Auburn man receives 18-year sentence for role in U.S. Capitol breach

Ethan Nordean, 32, helped lead Proud Boys attack Jan. 6, 2021 in Washington, D.C.

The U.S. Department of Justice released a photo of Ethan Nordean, circled in red, of Auburn, during the Jan. 6, 2021 Capitol riots in Washington, D.C. COURTESY PHOTO, U.S. DOJ

The U.S. Department of Justice released a photo of Ethan Nordean, circled in red, of Auburn, during the Jan. 6, 2021 Capitol riots in Washington, D.C. COURTESY PHOTO, U.S. DOJ

A 32-year-old Auburn man, one of the leaders of the Proud Boys organization, received an 18-year prison sentence for his role in the breach of the U.S. Capitol on Jan. 6, 2021.

Ethan Nordean also was sentenced in U.S. District Court in Washington, D.C., to 36 months of supervised release, according to a Sept. 1 U.S. Department of Justice news release. The Proud Boys are a far-right extremist group.

Dominic Pezzola, 45, of Rochester, New York, another leader of the Proud Boys, was sentenced to 10 years in prison and 36 months of supervised release.

The actions of Nordean and Pezzola disrupted a joint session of the U.S. Congress that was in the process of ascertaining and counting the electoral votes necessary to certify the 2020 presidential election. Followers of former President Donald Trump wanted to halt the transfer of power from Trump to Biden despite voters electing Biden as president. Trump and his allies continue to falsely claim the 2020 election was stolen.

On May 4, 2023, a jury found Nordean, Pezzola and three other co-defendants guilty of multiple felonies, including obstruction of an official proceeding and conspiracy to prevent members of Congress or federal officers from discharging their duties before and during the breach of the U.S. Capitol on Jan. 6, 2021, according to the news release. Nordean was previously convicted of seditious conspiracy.

According to court documents and evidence presented during the trial, the Proud Boys organization had played a significant and often violent role in prior Washington, D.C. rallies in November and December 2020. In the aftermath of that violent conduct, Nordean and other co-defendants served as members and leaders of a special chapter of the Proud Boys known as the “Ministry of Self-Defense.”

Beginning after Dec. 19, 2020, Nordean, Pezzola and other co-defendants conspired to prevent, hinder and delay the certification of the Electoral College vote and to oppose by force the authority of the government of the United States, according to the news release.

In the days leading to Jan. 6, Nordean and other leaders of the Ministry of Self-Defense hand-selected co-defendant Pezzola and others known as “rally boys” to participate in the attack on the Capitol that day. This group established a chain of command, chose a time and place for their attack, and recruited others who would follow their top-down leadership and who were prepared to engage in physical violence if necessary.

On Jan. 6, Nordean, Pezzola and others they led participated in every consequential breach at the Capitol. The defendants directed and mobilized a group of Proud Boys onto the Capitol grounds, leading to the dismantling of metal barricades, destruction of property, breaching of the Capitol building and assaults on law enforcement, according to the news release.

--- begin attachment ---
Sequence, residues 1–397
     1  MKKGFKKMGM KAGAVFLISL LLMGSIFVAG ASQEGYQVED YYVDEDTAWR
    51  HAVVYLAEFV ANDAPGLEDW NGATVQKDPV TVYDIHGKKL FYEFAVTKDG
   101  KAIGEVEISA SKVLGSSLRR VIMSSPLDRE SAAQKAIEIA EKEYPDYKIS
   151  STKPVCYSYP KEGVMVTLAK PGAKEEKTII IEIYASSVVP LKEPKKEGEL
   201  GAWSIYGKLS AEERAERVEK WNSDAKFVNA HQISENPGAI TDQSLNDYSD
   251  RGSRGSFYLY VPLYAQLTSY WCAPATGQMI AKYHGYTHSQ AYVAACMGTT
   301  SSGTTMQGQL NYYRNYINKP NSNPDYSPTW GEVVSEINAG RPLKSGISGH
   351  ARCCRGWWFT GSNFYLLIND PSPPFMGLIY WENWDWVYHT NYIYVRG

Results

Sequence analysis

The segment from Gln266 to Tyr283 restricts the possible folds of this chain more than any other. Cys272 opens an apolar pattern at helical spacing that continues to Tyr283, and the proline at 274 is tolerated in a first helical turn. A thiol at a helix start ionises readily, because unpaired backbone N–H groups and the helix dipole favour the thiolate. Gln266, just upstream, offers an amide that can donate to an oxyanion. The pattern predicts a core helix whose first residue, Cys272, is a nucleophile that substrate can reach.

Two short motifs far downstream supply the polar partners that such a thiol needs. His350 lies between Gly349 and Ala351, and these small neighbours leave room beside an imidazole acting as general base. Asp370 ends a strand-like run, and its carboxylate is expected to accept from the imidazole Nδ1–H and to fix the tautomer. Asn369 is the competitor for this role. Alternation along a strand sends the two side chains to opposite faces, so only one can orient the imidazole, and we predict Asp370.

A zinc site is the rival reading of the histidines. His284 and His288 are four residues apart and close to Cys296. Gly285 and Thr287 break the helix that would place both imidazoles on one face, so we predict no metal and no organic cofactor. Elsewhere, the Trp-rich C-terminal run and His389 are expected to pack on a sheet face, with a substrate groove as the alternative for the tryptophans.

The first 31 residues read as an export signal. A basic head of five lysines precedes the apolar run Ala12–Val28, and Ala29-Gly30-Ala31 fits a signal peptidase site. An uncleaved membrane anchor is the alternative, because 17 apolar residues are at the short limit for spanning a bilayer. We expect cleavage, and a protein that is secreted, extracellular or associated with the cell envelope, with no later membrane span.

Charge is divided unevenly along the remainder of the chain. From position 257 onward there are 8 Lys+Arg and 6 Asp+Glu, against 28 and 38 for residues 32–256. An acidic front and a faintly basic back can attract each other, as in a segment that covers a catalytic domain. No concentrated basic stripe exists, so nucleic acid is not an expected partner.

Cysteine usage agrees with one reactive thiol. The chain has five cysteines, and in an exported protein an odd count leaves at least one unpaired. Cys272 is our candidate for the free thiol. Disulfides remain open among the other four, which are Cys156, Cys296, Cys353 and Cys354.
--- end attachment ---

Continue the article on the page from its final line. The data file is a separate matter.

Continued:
The group began their assault that day at 10 a.m. when Nordean and others marched nearly 200 individuals away from speeches at the Ellipse directly toward the Capitol. They arrived at the First Street gate at 12:50 p.m. Nordean, Pezzola and other co-defendants led their recruits up the First Street walkway, breaching multiple barricades and tearing down fencing.

Nearly an hour later, when law enforcement appeared to have successfully controlled the crowd by pushing them back, the men again pushed forward, according to the news release. Nordean, Pezzola and others gathered at the base of the concrete stairs that led to the doors and windows of the Capitol with many of their co-conspirators and other men they had led to the Capitol. The group again surged toward the Capitol and overwhelmed officers who had been battling the crowd for nearly an hour. Pezzola smashed open a window allowing the first rioters to enter the Capitol at 2:11 p.m.

During the hearing, U.S. District Judge Timothy J. Kelly applied the enhancement for a federal crime of terrorism to the defendants convictions for destruction of government property.

This case was prosecuted by the U.S. Attorney’s Office for the District of Columbia, the Department of Justice National Security Division’s Counterterrorism Section, and the Department of Justice Criminal Division’s Organized Crime and Gang Section.

This case was investigated by the FBI’s Washington Field Office. The charges in the investigation are the result of significant cooperation between agents and staff across numerous FBI Field Offices and law enforcement agencies.

In the 31 months since Jan. 6, 2021, more than 1,106 individuals have been arrested in nearly all 50 states for crimes related to the breach of the U.S. Capitol, including more than 350 individuals charged with assaulting or impeding law enforcement, according to the U.S. Department of Justice.


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